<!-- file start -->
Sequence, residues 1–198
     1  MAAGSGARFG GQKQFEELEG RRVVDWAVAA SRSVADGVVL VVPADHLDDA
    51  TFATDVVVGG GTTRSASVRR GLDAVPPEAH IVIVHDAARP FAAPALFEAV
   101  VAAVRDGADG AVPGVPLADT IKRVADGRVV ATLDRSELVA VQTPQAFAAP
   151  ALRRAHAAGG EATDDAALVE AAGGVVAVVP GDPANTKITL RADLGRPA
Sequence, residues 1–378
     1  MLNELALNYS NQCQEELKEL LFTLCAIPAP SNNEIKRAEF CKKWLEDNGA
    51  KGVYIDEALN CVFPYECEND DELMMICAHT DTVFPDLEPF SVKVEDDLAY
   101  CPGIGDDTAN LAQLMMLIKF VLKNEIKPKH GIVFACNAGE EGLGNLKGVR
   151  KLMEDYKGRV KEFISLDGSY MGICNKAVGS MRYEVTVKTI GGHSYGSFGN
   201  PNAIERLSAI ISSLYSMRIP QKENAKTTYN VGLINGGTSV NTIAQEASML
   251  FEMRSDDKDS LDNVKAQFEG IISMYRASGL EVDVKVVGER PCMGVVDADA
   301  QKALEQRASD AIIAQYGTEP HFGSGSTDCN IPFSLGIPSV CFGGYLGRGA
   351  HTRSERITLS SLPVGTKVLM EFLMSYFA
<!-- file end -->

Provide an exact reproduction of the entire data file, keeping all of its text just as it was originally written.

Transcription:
Sequence, residues 1–198
     1  MAAGSGARFG GQKQFEELEG RRVVDWAVAA SRSVADGVVL VVPADHLDDA
    51  TFATDVVVGG GTTRSASVRR GLDAVPPEAH IVIVHDAARP FAAPALFEAV
   101  VAAVRDGADG AVPGVPLADT IKRVADGRVV ATLDRSELVA VQTPQAFAAP
   151  ALRRAHAAGG EATDDAALVE AAGGVVAVVP GDPANTKITL RADLGRPA
Sequence, residues 1–378
     1  MLNELALNYS NQCQEELKEL LFTLCAIPAP SNNEIKRAEF CKKWLEDNGA
    51  KGVYIDEALN CVFPYECEND DELMMICAHT DTVFPDLEPF SVKVEDDLAY
   101  CPGIGDDTAN LAQLMMLIKF VLKNEIKPKH GIVFACNAGE EGLGNLKGVR
   151  KLMEDYKGRV KEFISLDGSY MGICNKAVGS MRYEVTVKTI GGHSYGSFGN
   201  PNAIERLSAI ISSLYSMRIP QKENAKTTYN VGLINGGTSV NTIAQEASML
   251  FEMRSDDKDS LDNVKAQFEG IISMYRASGL EVDVKVVGER PCMGVVDADA
   301  QKALEQRASD AIIAQYGTEP HFGSGSTDCN IPFSLGIPSV CFGGYLGRGA
   351  HTRSERITLS SLPVGTKVLM EFLMSYFA